India’s Manufacturing PMI Drops In August But Remains In Expansion Mode
A gauge of activity across India’s manufacturing sector fell but remained in the expansion zone, indicating a softer pace of growth in economic activities.
The IHS Markit India Manufacturing Purchasing Managers’ Index stood at 52.3 in August compared with 55.3 in July, according to its media statement. A reading above 50 indicates economic expansion.
August saw a continuation of the Indian manufacturing sector recovery, but growth lost momentum as demand showed some signs of weakness due to the pandemic. Yet, factory orders and output rose across the consumer, intermediate and investment goods categories.Pollyanna De Lima, Economics Associate Director, IHS Markit
Manufacturing production increased for the second straight month in August. But growth was curbed by the pandemic and elevated price pressures. The overall rate of expansion was modest and below its long-run average.
New orders also rose for the second straight month, but at a softer pace. While some firms suggested that favourable market conditions and fruitful advertising boosted demand, others said sales fell due to the pandemic.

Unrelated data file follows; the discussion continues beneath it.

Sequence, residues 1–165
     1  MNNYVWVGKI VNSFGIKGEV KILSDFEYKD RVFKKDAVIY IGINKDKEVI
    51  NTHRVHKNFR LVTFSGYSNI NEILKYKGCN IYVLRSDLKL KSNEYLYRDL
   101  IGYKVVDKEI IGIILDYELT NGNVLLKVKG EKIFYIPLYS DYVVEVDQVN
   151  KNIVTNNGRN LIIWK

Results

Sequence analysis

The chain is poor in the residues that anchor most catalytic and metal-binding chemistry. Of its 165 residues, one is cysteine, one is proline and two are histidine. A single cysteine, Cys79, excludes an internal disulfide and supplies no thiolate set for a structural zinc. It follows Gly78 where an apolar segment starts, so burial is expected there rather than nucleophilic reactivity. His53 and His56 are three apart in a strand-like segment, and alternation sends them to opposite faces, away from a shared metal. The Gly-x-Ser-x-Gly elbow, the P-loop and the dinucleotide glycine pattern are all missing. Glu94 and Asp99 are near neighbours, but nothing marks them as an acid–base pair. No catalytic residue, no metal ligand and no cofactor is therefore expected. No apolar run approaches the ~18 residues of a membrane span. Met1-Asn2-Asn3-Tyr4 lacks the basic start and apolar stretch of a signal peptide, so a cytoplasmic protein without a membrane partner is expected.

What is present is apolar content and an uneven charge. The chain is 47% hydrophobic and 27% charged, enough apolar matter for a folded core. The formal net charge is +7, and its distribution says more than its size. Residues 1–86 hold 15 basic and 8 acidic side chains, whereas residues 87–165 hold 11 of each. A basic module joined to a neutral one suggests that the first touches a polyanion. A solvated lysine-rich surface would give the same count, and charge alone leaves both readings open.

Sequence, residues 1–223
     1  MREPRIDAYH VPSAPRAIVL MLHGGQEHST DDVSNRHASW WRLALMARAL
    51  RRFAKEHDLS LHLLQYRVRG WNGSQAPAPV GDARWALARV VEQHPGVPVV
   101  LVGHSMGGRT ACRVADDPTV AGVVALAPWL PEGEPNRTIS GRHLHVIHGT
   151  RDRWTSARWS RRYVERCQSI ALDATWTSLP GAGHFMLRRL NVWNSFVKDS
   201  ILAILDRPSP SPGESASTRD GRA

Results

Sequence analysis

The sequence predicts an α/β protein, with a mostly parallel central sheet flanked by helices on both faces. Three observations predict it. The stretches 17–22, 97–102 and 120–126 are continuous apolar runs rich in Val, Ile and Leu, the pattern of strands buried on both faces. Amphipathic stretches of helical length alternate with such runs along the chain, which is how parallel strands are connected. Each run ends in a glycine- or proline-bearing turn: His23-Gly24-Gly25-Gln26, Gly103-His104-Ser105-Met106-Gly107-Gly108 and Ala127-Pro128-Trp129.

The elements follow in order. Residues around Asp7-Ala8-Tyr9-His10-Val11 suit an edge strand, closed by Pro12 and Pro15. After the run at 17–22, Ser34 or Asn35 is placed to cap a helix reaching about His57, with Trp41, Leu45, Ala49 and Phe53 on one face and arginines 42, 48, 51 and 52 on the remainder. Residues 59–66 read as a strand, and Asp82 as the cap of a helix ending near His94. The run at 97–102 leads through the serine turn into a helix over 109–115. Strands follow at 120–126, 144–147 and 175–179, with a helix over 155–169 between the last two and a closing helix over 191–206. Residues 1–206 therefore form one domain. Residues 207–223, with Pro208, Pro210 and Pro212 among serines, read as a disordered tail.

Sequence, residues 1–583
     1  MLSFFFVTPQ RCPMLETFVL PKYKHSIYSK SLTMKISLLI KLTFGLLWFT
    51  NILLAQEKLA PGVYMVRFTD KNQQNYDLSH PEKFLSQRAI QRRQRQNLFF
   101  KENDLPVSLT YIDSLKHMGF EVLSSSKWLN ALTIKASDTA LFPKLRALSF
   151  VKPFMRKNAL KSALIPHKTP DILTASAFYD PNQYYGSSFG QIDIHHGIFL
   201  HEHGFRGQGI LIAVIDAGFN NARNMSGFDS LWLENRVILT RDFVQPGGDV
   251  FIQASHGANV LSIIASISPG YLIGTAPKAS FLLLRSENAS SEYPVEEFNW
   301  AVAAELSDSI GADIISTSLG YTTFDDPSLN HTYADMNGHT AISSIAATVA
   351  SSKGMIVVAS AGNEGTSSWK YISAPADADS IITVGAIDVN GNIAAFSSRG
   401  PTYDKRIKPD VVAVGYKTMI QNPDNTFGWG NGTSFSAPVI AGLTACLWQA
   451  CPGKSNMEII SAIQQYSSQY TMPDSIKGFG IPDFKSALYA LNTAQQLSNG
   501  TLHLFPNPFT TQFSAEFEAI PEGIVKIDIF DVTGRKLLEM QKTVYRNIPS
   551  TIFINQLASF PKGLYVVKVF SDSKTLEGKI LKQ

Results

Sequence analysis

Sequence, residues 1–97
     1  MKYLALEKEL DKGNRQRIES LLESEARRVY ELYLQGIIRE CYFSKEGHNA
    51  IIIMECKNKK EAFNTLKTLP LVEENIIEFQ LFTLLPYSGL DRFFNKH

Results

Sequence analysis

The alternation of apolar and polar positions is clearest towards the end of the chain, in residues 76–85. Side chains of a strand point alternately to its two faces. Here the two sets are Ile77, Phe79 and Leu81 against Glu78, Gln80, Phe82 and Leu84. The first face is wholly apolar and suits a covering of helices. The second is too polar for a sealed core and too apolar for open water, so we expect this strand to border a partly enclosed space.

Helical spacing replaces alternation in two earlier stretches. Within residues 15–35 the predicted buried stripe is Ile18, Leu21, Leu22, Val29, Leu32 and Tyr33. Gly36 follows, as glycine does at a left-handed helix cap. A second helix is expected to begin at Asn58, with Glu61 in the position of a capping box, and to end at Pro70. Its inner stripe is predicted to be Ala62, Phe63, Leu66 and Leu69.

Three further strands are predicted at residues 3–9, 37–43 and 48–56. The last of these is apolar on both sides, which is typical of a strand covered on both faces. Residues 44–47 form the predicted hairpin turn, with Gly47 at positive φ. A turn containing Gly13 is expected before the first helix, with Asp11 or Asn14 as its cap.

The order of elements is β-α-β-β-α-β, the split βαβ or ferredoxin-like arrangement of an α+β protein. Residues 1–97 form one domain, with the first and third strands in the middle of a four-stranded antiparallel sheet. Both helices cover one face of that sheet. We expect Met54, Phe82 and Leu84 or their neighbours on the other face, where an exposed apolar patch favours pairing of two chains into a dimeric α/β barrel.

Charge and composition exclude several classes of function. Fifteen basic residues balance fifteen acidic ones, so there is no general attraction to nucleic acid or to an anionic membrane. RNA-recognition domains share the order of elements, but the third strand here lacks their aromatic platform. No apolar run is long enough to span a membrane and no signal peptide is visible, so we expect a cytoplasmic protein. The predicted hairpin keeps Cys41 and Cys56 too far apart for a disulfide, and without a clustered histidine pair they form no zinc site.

August data pointed to back-to-back increases in new export orders, but here, too, growth lost momentum.
Indian manufacturers signaled another monthly rise in cost burdens, taking the current stretch of inflation to 13 months. While the pace softened, it remained elevated by historical standards.
Cost pressures were attributed to raw material scarcity and transportation problems. Manufactures in turn, continued to pass on part of the additional cost burden to clients, with inflation rising to a three-month high.
While the speedy dispatch of purchased goods caused a fall in holdings of finished products, pre-production inventories continued to rise as firms purchased additional materials in tandem with greater output needs. Both buying levels and input holdings increased at softer rates, however, as raw material shortages among suppliers and a lack of container availability resulted in a further lengthening of average lead times, the statement said.
Employment levels were broadly stagnant in August as companies reportedly had sufficient workforces to cope with current requirements and confidence remained subdued.
“The 12-month outlook for production remained positive, though confidence faded amid worries concerning the lasting scars of the pandemic and the adverse impact of rising costs on companies’ finances parallel to a lack of pricing power,” Lima said.